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post #11 of 17
Quote:
Originally Posted by Divine spectral View Post
i am utilizing the netbook edition.. so it may be different.. i really do love open source and linux in general.. but i know nothing of it.. and i want to get involved with enthusiast linux lobyist's
Software Centre is still on 10.10 Netbook Remix.
If you can't find it, Synaptic will do the same job...
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post #12 of 17
Quote:
Originally Posted by Bluescreen_Of_Death View Post
So just jump in! If you're looking to get more involved with your system, I'd suggest you try Arch Linux. It's a minimalist distro with excellent documentation. When you install the distro, you only get the base system. No GUI or anything, just a CLI.

Then you build up from there. It helps to cut out all the nonsense programs you'll never use.
Quote:
Originally Posted by Jimi View Post
How can you love something that you don't know anything about?
Apologies to Jimi since he asked the above question of someone else professing to love FOSS and Linux while confessing he knows nothing about it. I am hijacking his question to apply it to all the minimalists out there. No flames, I like it too but as an option, not full time.

From doing a complete Slackware install with several WMs/DEs and adding some more to that I have discovered countless applications I now find essential by surfing around the various DEs just as I surf around the net.. When you don't have to worry that removing an app will take out several other apps due to some overzealous package manager, it is easier and better, IMHO, to start Fat and get Thin than vice versa, with the added bonus of easily discovering new apps.
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post #13 of 17
Quote:
Originally Posted by enorbet2 View Post
From doing a complete Slackware install with several WMs/DEs and adding some more to that I have discovered countless applications I now find essential by surfing around the various DEs just as I surf around the net.. When you don't have to worry that removing an app will take out several other apps due to some overzealous package manager, it is easier and better, IMHO, to start Fat and get Thin than vice versa, with the added bonus of easily discovering new apps.
Enorbet - you are so wise
I agree in not recommending Arch to a new user, and I wouldn't recommend Slack either for the same reason (even though Slack will install to a KDE desktop straight off the DVD). You need a bit of hand-holding nowadays, it's what people are used to. It's not like the DOS days 20 years ago, where terminal was king, and it was a constant battle for RAM *nostalgia* Ubuntu & the like have their place, it's about learning to crawl before you walk, and eventually run if you feel the need. There's nothing wrong with crawling either, if people want to run Ubuntu forever more, so be it (I've been running Ubuntu for a couple of years, and I've only just about said 'sod it' and will make the plunge into Arch). The GUI is nice for getting stuff done, and not having to think about it. Sometimes, having to remember what config file to edit, and where it is, is a pain in the ass - so much easier to click on a GUI app to do it for you. But just like OCing, if you want to be 'elite' and 'squeeze the most out of your rig', Arch, Gentoo, Slack, LFS, etc are all there waiting for you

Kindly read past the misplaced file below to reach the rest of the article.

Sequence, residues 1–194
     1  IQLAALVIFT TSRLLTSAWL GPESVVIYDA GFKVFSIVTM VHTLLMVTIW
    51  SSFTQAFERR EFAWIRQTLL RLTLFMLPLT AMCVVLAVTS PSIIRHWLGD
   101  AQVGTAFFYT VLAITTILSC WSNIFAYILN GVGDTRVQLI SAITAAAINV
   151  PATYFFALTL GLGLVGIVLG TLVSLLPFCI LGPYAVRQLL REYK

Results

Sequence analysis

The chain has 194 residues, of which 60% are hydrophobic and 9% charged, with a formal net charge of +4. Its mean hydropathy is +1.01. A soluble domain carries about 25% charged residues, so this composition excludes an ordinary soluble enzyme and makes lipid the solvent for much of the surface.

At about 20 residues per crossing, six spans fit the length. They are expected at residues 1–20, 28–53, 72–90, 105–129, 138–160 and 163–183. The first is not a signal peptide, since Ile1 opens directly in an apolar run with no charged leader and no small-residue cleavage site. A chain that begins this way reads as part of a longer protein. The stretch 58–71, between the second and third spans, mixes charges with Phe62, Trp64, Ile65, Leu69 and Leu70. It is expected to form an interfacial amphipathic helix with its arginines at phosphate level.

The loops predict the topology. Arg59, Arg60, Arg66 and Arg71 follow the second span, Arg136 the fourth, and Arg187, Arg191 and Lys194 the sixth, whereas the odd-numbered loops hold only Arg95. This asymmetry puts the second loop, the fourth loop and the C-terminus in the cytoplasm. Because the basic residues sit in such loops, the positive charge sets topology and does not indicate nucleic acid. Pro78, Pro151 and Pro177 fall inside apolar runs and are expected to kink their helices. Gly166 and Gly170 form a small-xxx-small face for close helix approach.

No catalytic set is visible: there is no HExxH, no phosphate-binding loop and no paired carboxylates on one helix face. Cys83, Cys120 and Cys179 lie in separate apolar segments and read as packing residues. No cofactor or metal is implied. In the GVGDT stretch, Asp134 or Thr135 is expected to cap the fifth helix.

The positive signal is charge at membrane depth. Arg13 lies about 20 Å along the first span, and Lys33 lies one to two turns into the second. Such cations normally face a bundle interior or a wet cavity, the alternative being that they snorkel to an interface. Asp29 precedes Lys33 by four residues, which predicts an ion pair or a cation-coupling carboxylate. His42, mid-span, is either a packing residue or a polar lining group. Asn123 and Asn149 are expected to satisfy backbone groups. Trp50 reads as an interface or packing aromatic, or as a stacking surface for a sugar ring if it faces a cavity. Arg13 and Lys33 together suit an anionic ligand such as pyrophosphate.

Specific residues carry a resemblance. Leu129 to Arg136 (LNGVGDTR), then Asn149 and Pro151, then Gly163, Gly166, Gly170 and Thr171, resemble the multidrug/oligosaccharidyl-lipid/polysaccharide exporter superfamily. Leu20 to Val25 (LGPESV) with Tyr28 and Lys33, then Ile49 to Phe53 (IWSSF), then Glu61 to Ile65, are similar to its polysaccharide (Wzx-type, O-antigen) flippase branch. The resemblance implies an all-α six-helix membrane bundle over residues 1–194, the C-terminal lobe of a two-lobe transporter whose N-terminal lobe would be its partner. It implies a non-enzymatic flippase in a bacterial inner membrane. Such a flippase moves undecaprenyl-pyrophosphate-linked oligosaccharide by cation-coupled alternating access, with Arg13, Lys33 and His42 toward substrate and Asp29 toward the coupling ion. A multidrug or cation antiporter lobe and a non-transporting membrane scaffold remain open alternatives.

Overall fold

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post #14 of 17
In some ways I think arch is the easiest distro. It is more time consuming and complex but the documentation is second to none. It is the most straight forward distro.
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post #15 of 17
Quote:
Originally Posted by Divine spectral View Post
i am utilizing the netbook edition.. so it may be different.. i really do love open source and linux in general.. but i know nothing of it.. and i want to get involved with enthusiast linux lobyist's
Quote:
Originally Posted by Jimi View Post
How can you love something that you don't know anything about?
i knew of open source before i knew anything of linux. i love the concept of it

Quote:
Originally Posted by enorbet2 View Post
Apologies to Jimi since he asked the above question of someone else professing to love FOSS and Linux while confessing he knows nothing about it. I am hijacking his question to apply it to all the minimalists out there. No flames, I like it too but as an option, not full time.

From doing a complete Slackware install with several WMs/DEs and adding some more to that I have discovered countless applications I now find essential by surfing around the various DEs just as I surf around the net.. When you don't have to worry that removing an app will take out several other apps due to some overzealous package manager, it is easier and better, IMHO, to start Fat and get Thin than vice versa, with the added bonus of easily discovering new apps.
agreed. there are a lot of programs i wouldn't have known about if i started with a minimalist install and worked my way up.
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post #16 of 17
Quote:
Originally Posted by cavallino View Post
In some ways I think arch is the easiest distro. It is more time consuming and complex but the documentation is second to none. It is the most straight forward distro.
ill definitely give arch a shot when i clear off some hard drive room
Kinda meh now...
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Kinda meh now...
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post #17 of 17
Quote:
Originally Posted by chemicalfan View Post
But just like OCing, if you want to be 'elite' and 'squeeze the most out of your rig'
if you want to SQUEEZE the most out of your rig... why not run debian SQUEEZE

so much pun it hurts... lol couldnt resist
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Kinda meh now...
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